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MICH-7.1 Data Details

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MICH-7.1 Reduce cesarean births among low-risk women with no prior births

About the Data

Description of the data source, numerator, denominator, survey questions, and other relevant details about the national estimate.

Data Source: 
National Vital Statistics System-Natality
Changed Since the Healthy People 2020 Launch: 
Yes
Measure: 
percent
Baseline (Year): 
27.4 (2007)
Target: 
24.7
Target-Setting Method: 
10 percent improvement
Numerator: 

Number of births delivered by cesarean section to low-risk females (first birth, full-term, singleton, vertex presentation, )

Denominator: 

Number of live births to low-risk females (first birth, full-term, singleton, vertex presentation)

Comparable Healthy People 2010 Objective: 
Retained from HP2010 objective
Data Collection Frequency: 
Annual
Methodology Notes: 

    Since the launch of HP2020, the standard reference group for a low risk cesarean delivery has changed from a first cesarean birth to a first birth. Also, the method of calculating the length of pregnancy has changed from the date of the last normal menses to the obstetric estimate of gestation at delivery (OE). These changes are evidence based and reflect the measure most commonly reported and tracked by hospitals and the National Center for Health Statistics.

    In 2009, The Joint Commission’s National Quality Core Measures for hospitals included an objective to reduce the nulliparous, term, singleton, vertex cesarean delivery rate. This rate is used at the hospital level as a quality control measure to reduce the use of elective obstetric procedures before term. This is also the measurement approach now taken by the National Center for Health Statistics (NCHS) (http://www.cdc.gov/nchs/data/nvsr/nvsr63/nvsr63_06.pdf) and the maternal and child health field as a whole. This change also reflects the measure most commonly reported and tracked by hospitals.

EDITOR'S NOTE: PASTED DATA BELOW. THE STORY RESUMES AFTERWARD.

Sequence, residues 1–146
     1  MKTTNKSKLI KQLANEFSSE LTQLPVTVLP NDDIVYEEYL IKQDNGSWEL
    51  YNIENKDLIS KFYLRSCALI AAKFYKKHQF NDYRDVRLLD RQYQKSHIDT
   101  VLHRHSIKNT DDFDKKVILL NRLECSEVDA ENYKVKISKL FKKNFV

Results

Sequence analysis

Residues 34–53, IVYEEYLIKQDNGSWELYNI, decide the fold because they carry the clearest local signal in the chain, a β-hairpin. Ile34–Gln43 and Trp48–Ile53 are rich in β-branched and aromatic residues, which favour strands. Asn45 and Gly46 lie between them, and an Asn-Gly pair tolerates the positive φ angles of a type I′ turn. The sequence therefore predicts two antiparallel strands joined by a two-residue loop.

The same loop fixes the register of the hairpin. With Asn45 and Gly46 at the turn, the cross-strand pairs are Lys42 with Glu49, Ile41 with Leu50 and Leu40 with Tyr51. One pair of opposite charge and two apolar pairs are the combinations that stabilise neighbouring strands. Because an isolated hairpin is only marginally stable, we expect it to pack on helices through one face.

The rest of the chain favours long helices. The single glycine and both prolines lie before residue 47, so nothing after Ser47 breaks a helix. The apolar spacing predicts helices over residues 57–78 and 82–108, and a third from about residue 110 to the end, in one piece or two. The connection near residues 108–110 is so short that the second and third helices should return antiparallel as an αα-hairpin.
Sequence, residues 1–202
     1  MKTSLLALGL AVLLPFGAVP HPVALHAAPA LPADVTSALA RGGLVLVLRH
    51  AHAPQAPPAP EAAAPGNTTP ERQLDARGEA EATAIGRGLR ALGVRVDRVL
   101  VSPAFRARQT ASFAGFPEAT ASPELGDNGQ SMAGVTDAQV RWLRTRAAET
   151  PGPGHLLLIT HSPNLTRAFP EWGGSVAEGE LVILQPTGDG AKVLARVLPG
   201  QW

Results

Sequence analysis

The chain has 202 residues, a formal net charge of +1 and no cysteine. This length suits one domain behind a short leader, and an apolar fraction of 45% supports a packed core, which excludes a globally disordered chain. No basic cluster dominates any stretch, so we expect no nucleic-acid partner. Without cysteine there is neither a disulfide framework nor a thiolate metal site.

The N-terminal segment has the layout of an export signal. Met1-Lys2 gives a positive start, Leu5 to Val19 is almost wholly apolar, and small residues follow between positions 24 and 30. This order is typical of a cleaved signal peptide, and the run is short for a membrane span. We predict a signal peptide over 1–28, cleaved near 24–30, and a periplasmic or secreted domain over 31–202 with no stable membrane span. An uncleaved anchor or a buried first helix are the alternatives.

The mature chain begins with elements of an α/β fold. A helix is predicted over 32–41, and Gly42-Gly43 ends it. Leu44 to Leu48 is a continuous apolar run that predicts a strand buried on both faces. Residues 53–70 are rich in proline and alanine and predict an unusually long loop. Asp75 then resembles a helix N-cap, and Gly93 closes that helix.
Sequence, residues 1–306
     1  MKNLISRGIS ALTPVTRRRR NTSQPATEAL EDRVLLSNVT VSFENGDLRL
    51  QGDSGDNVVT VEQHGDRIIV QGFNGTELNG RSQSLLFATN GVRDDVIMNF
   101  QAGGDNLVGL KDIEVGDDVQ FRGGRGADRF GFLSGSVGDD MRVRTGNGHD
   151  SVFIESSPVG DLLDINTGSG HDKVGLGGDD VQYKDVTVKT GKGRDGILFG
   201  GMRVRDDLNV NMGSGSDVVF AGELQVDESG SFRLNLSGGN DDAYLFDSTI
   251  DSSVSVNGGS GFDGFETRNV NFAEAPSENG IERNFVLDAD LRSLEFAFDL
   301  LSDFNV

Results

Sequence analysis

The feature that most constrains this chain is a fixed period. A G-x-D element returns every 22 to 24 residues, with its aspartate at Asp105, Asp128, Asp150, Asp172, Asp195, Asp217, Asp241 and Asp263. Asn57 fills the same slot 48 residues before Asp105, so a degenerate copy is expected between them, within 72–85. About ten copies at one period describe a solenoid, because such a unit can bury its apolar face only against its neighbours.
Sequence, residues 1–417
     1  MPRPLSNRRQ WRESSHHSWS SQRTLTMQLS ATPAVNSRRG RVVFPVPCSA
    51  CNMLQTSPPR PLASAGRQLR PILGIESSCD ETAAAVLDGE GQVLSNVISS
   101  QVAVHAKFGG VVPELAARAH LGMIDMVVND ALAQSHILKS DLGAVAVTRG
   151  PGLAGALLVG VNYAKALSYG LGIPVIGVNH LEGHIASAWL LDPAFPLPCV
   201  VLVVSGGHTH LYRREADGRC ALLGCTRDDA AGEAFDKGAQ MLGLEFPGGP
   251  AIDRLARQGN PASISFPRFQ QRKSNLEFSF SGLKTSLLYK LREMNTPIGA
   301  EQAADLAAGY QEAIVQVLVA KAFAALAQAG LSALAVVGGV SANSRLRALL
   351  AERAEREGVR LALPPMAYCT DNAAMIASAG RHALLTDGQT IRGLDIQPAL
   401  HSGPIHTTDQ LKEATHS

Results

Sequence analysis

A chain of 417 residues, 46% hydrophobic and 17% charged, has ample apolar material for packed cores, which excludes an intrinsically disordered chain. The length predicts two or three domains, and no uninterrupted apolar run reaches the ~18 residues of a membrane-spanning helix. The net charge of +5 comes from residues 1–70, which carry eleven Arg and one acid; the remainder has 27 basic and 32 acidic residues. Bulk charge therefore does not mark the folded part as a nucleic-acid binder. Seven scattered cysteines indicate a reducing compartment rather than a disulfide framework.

The Centers for Disease Control and Prevention’s National Center for Health Statistics (NCHS) has measured vital statistics gestational age data based primarily on the difference between the date of the last normal menses (LMP) and the date of infant’s birth since national LMP data first became available in 1981. However, the quality of LMP-based data has long been of concern. Imperfect maternal recall, misinterpretation of bleeding early in pregnancy, irregular menstrual cycles, and data entry errors have been shown to result in the misclassification of gestational age, particularly at preterm (under 37 completed weeks) and postterm (42 weeks and over).

    An alternative measure of gestational age, the clinical estimate (CE), was added to the 1989 U.S. Standard Certificate of Live Birth. Detailed definitions and instructions for the new measure were not developed or released, however. Concerns with data quality and the lack of national reporting (California did not report the CE) precluded the estimate from being used as a national measure of gestational age. The CE was replaced with the similar item, the ‘‘obstetric estimate of gestation at delivery’’ (OE) with the 2003 birth certificate revision. More detailed definitions and instructions were developed and distributed for the OE, which in brief is defined as ‘‘the best estimate of the infant’s gestation in completed weeks based on the birth attendant’s final estimate of gestation’’. Despite differences in definitions and instructions, data for the CE and OE appear comparable and are combined in natality public-use files. National data for a combined OE-CE item did not become available until the 2007 data year, however.